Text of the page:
The little query that could... drive me crazy

time to read 4 min | 700 words

I have a piece of code that has to calculate some pretty hefty stuff over a large amount of data. Unfortantely, that large amount of data took large amount of time to load. By large amount I mean, I walked away and had time for a coffee, chit chat, about three phone calls and a relaxing bout of head banging, and it still continued to pry into the database, and likely would continue to do so until the end of time or there about.

This calculation has two main charactaristics:

  1. It is vital to several core functions of the system.
  2. It is very highly preferred to make this calculation on the fly. Doing it on the backend is possible, but will cause a lot of major complications.

So, in the middle of checking the price of a dozen new servers (and a safe place in Nigeria, once the client hear about this), it occur to me that while pre-mature optimization is evil, maybe optimization itself has some value and that Nigeria might have to wait for another day.

After carefully thinking about the scentific process (i.e: observing the occurances, forming a theory, preparing experiments, proving a theory, arguing for a decade about what it means, etc...) I decided to take a more direct approach and looked at what I was trying to do.

Then I added this to the query:


join fetch e.Rules rules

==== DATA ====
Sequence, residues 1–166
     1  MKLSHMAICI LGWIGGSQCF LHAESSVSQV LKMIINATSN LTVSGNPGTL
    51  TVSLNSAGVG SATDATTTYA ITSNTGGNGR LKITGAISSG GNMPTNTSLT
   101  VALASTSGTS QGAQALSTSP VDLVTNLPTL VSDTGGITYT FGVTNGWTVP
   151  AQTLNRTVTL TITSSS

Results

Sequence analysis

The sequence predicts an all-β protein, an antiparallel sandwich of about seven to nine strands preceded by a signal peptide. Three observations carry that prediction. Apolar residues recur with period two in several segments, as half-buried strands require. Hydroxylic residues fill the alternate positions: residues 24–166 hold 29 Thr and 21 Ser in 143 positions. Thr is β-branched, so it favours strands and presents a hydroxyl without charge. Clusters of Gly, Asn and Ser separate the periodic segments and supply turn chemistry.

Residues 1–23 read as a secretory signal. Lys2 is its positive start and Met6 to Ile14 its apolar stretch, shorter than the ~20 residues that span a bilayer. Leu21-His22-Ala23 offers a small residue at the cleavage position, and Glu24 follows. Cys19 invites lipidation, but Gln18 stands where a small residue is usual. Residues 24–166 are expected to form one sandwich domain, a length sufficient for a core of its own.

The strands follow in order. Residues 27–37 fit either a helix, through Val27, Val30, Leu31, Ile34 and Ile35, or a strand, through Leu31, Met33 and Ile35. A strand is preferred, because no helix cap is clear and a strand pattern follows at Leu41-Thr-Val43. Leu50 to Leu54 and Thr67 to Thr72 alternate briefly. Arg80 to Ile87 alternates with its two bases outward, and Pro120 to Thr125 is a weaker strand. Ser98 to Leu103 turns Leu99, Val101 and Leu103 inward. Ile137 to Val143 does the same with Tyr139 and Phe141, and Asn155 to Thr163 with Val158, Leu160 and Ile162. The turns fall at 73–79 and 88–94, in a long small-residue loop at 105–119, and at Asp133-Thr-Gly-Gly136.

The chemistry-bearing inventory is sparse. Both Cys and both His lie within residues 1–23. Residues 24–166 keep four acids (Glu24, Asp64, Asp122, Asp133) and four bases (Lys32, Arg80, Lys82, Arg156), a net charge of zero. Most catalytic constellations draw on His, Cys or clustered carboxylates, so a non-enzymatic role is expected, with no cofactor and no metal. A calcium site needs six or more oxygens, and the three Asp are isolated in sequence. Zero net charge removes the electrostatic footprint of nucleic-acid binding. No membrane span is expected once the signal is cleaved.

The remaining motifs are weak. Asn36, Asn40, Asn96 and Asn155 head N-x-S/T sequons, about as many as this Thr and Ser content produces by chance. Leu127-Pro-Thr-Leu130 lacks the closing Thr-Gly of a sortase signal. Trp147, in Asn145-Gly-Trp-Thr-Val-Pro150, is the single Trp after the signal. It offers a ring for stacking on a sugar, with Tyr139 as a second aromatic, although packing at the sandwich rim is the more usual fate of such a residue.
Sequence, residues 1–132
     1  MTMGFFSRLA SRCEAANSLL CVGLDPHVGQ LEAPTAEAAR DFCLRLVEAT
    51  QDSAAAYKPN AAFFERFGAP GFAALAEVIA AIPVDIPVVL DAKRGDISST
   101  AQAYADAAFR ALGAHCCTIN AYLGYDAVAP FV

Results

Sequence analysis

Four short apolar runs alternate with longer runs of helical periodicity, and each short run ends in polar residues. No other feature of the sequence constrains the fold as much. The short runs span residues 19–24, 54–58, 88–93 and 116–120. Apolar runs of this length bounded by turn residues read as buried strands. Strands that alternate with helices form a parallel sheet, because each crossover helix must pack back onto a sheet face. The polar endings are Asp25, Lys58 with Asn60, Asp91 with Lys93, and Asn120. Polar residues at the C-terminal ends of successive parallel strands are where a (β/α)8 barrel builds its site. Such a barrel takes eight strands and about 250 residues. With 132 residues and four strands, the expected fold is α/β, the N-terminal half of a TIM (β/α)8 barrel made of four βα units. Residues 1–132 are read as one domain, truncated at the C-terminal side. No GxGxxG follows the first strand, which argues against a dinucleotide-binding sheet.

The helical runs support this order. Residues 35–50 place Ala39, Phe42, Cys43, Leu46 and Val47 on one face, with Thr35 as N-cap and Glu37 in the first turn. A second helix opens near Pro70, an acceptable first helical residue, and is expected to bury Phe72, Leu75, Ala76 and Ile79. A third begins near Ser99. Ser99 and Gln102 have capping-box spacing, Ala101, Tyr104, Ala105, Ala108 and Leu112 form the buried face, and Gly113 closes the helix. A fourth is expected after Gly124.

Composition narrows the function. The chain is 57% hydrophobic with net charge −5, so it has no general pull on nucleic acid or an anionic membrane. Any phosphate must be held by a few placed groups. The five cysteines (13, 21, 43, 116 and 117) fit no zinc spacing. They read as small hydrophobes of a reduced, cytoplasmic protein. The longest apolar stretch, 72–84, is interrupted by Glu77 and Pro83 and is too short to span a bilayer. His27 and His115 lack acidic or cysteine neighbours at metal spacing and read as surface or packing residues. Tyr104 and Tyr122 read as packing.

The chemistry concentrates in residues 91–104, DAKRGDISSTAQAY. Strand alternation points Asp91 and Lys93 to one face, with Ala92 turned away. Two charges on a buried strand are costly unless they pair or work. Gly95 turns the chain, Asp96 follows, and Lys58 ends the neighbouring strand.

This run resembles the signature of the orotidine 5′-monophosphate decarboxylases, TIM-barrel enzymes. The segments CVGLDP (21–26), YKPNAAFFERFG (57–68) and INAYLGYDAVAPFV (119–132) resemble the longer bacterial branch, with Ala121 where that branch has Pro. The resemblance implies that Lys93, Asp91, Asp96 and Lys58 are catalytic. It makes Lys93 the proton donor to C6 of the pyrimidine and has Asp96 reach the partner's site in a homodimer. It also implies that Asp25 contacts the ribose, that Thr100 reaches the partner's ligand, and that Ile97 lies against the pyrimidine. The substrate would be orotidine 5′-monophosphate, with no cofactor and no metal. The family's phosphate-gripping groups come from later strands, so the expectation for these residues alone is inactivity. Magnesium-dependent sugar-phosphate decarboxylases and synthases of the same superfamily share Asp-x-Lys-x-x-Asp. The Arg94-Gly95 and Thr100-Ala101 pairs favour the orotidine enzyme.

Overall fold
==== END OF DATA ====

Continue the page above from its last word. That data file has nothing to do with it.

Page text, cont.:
And I re-run the whole thing. The performance benefit was four orders of magnitude. And by that I mean that the page is still very heavy DB wise (around ~50 queries on empty cache, which is my usual benchmark), it actually complete in real time, and all the rest of that stuff are things that are very easy to solve (grab those three pieces of code in one shot, instead of five, etc).

Of course, I then had to spend about half an hour staring at the generated query and think about what it was doing (there was a CROSS JOIN there that scared me) before coming to the conclution that it really was a good to fetch all that data. Well, almost. There should have been around ~6000 rows returned from this query, but only 2 were returned.

After a long bout of head scratching, I determained that the fault was at my mapping. I had several places where I had where clauses like this one:

where="Cancelled = 0"

I'm pretty sure that you can see where this is going. In a left join scenario, this (non-nullable) column is going to be null, so it would evaluate to false, making the join into an inner join, reducing the returned data by quite a bit. I'm writing this post as I go along fixing this issue. Right now the situation is not much improved :-(

After a long and hard battle, I managed to drop it merely three order of magnitude down, and I run into some issues with the code that uses it, so I need to fix those first.

I'll try to post some ideas about how to solve the complex SELECT N+(M*N*Zm)+1 issues (where N is the number of items, M is the number of collections in each item, and Zm is the number of items in each collection in each item). (The short version, don't do this.)